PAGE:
Defying restrictions by Chinese authorities, Tibetans living in northwestern China’s Qinghai and Gansu provinces gathered privately last week to celebrate the birthday of exiled spiritual leader the Dalai Lama, burning incense and offering prayers in small groups, sources in the region said.
Some drove far from settled areas to evade scrutiny by the police, one source in Qinghai told RFA’s Tibetan Service.
“Tibetans living in the towns and cities drove into the grasslands and pastures to hold picnics,” RFA’s source said, speaking on condition of anonymity.
“Others hiked up to hill-tops on their own to make offerings of incense and prayers for [the Dalai Lama’s] long life,” the source said.
The Dalai Lama, who turned 83 on July 6, fled Tibet into exile in India in the midst of a failed national uprising against Chinese rule, and displays by Tibetans of the Dalai Lama’s photo or public celebrations of his birthday have been harshly punished in the past.
Restrictions imposed ahead of this year’s birthday included warnings issued to the managers of social media chat groups, urging them to watch for attempts to organize celebrations for the Tibetans' spiritual leader.
In Qinghai’s Tsolho (in Chinese, Hainan) Tibetan Autonomous Prefecture, the Tibetan social media platform WeChat was nevertheless “buzzing with birthday greetings and good wishes on the morning of July 6,” the Dalai Lama’s birthday, RFA’s source said.
“Many WeChat users shared a customized birthday card showing a picture of His Holiness the Dalai Lama when he was very young and carrying the words, ‘Greetings to the Great Being!’” the source said.
“The reason for these covert communications was that other, more conventional, honorific names for His Holiness are banned and censored online,” he said. “And even this greeting could lead to punishment if the authorities catch the persons sending it.”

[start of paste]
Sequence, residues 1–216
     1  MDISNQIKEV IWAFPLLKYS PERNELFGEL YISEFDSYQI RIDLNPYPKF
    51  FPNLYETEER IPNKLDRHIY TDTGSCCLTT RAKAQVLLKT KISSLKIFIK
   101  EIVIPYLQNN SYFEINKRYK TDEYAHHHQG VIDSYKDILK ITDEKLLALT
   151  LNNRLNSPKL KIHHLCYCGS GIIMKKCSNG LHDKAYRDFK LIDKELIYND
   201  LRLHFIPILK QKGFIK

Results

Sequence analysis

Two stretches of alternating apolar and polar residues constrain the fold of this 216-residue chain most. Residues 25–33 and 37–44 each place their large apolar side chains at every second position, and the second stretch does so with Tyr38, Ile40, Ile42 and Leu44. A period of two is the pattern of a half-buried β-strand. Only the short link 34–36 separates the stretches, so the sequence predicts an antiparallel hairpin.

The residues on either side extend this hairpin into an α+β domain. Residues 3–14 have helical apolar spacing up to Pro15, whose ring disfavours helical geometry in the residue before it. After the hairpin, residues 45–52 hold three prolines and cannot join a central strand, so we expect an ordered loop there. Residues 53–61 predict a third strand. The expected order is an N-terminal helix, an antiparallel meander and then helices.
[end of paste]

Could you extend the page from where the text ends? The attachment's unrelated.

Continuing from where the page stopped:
Date 'well known'
Also speaking to RFA, a Tibetan living in Machu (Maqu) county in the Kanlho (Gannan) Tibetan Autonomous Prefecture said that the date of the Dalai Lama’s birthday is “well known by all Tibetans.”
“Therefore, they try to make religious offerings, including offerings of prayers and incense, and eat vegetarian food, according to their individual wishes,” he said.
Public celebrations of the spiritual leader’s birthday cannot now be seen anywhere in Tibetan areas of China, he said.
“The Chinese authorities’ ban is felt all over Tibet, and the Chinese have now deployed large numbers of armed police in the towns and cities where self-immolation protests and other demonstrations have taken place.”
“This is to prevent events like these from taking place again,” he said.
Speaking to RFA in an interview, Beri Jigme Wangyal, a Tibetan writer living in exile, said that for several days before July 6, he had seen “a flurry of birthday greetings on WeChat by Tibetans living in Tibet, composing and sharing poetry honoring the Dalai Lama’s wishes, accomplishments, and thoughts.”
“Their sentiments were so intense and deeply emotional that they brought tears to my eyes,” Wangyal said.
“I don’t want to share any of the details here out of concern for the writers’ safety,” he said.
Reported by Kunsang Tenzin and RFA’s Tibetan Service. Translated by Dorjee Damdul. Written in English by Richard Finney.